• Regulatory and policy developments. The regulatory and
    policy landscape surrounding AI technologies will continue to evolve. Investors should closely follow regulatory developments, anticipate potential regulatory changes, and assess the target company’s ability to adapt to evolving legal and compliance requirements. Compliance with regulations and industry standards will be crucial for long-term success in the AI investment space.

Further considerations in the AI investment landscape include the impact of rapid growth on the long-term health and stability of AI companies, the role of talent acquisition and associated risks in AI M&A, legal and ethical considerations, and future trends and predictions. By taking these considerations into account, investors can navigate the evolving AI investment landscape more effectively and make informed decisions that maximize the potential of their AI investments. 

Subscribers may view the full article in Practical Guidance.

Not yet a Practical Guidance subscriber? Sign up for a free trial of Practical Guidance to read this complete article.

Shabbi S. Khan is a partner and intellectual property lawyer with Foley & Lardner LLP. His practice focuses on patent portfolio counseling and management, preparation and prosecution of patent applications, patent infringement analysis, patent validity analysis, and intellectual property due diligence primarily in the fields of artificial intelligence and machine learning, computer software including cloud and SaaS-based technologies, medical devices, digital therapeutics, and artificial intelligence in health care. He is a member of the Electronics Practice Group and the firm’s Innovative Tech Sector.

Natasha Allen is a strategic advisor, supporting companies in all stages of growth in complex decision making across a broad range of corporate matters. She is a partner with the firm, serving as Co-Chair for Artificial Intelligence within the Innovative Technology sector, Co-Chair of the Venture Capital Committee, and is a member of the Venture Capital, M&A, and Transactions Practices. She also serves as Pro Bono chair for the firm’s Silicon Valley office.

David W. Kantaros serves as Co-Chair for Artificial Intelligence within the firm’s Innovative Technology sector and is a member of the Private Equity & Venture Capital and Transactional & Securities Practices. He represents venture capital and private equity funds as well as publicly and privately held corporations in the emerging technology and life science industries.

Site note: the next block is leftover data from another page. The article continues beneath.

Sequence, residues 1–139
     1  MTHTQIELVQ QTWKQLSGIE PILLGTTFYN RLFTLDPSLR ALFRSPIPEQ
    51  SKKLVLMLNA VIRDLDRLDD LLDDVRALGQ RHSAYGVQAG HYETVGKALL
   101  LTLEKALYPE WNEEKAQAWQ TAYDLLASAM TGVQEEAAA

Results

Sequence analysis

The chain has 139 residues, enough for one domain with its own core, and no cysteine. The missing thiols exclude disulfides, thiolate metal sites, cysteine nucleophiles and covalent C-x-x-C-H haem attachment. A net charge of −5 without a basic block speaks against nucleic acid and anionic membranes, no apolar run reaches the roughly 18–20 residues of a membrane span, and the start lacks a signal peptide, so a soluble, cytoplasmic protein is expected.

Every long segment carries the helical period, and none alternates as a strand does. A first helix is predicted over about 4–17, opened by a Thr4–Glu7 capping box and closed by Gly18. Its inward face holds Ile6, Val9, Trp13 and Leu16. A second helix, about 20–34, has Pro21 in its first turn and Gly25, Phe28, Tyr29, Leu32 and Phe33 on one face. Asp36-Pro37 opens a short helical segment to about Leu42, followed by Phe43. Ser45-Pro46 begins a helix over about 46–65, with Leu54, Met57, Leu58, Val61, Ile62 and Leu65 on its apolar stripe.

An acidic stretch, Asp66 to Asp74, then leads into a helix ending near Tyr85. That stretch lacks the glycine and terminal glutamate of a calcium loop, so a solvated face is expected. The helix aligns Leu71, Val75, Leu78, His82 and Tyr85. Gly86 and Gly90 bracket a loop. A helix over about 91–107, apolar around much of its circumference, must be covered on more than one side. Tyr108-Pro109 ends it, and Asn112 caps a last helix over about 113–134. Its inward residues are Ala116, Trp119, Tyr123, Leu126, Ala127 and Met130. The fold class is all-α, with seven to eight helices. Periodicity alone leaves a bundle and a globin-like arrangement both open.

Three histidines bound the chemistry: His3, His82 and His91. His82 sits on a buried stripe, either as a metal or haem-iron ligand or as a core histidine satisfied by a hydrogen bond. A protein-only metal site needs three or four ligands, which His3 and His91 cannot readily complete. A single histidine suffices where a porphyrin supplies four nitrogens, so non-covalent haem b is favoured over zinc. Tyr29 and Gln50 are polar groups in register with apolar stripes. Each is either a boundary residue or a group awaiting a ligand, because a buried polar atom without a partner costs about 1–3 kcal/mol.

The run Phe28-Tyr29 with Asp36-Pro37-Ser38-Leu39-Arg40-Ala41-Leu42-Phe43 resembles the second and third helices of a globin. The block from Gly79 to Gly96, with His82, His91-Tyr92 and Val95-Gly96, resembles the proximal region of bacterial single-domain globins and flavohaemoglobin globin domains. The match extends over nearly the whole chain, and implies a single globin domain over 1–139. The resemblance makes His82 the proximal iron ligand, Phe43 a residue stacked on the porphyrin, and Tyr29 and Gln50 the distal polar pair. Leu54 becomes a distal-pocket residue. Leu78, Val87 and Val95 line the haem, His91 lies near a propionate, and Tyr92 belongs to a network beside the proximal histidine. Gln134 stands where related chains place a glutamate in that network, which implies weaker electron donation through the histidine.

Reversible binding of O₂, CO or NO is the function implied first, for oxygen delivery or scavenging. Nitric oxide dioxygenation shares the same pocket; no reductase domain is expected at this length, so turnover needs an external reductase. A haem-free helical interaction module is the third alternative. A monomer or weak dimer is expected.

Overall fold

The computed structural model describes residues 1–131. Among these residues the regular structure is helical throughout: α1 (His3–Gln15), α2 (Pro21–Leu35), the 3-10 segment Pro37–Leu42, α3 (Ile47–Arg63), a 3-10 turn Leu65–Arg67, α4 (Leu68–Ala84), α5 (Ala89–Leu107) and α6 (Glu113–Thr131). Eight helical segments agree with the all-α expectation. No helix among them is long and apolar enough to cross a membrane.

Chanley T. Howell is a partner and intellectual property lawyer with Foley & Lardner LLP, where his practice focuses on a broad range of technology law matters. He is a member of the firm’s Technology Transactions, Cybersecurity, and Privacy Practice and the Sports, Health Care, and Automotive Industry Teams.

Graham MacEwan is an associate in the Business Law Department with Foley & Lardner LLP. Graham is based in the Boston office where he is a member of the Transactions Practice Group.

Avi B. Ginsberg is a cybersecurity and data privacy attorney with Foley & Lardner LLP based in Boston. He has substantial industry experience in cybersecurity and international business transactions. He regularly helps corporate clients respond to ransomware attacks and data breaches, evaluate privacy risk and compliance strategies for complex data sets, and develop kids’ privacy approaches for online games and metaverse experiences.

Related Content

For an overview of the M&A due diligence process, as well as where to find practice notes, templates, and checklists relating to this topic in Practical Guidance, see


For an overview of current practical guidance on generative artificial intelligence (AI), ChatGPT, and similar tools, see


For a discussion of the primary and emerging legal issues relating to the acquisition, development, and exploitation of AI, see


For an analysis of the key issues to consider when companies transfer intellectual property assets in a strategic transaction such as a merger or acquisition, see


For practical guidance on the process of uncovering and understanding information about the status, value, and risks associated with the transfer of IP assets as part of a business deal, see


For a template that may be used when reviewing a target company’s material IP license agreements as part of a due diligence investigation conducted in the course of a merger or acquisition, see


For charts to be used by legal counsel to track and document IP assets during due diligence review, see


For a form request list to be used in an IP due diligence investigation during an acquisition, see


For a checklist that identifies key issues for performing a software and IT due diligence investigation of a seller, including a review of cloud computing and open source software considerations, see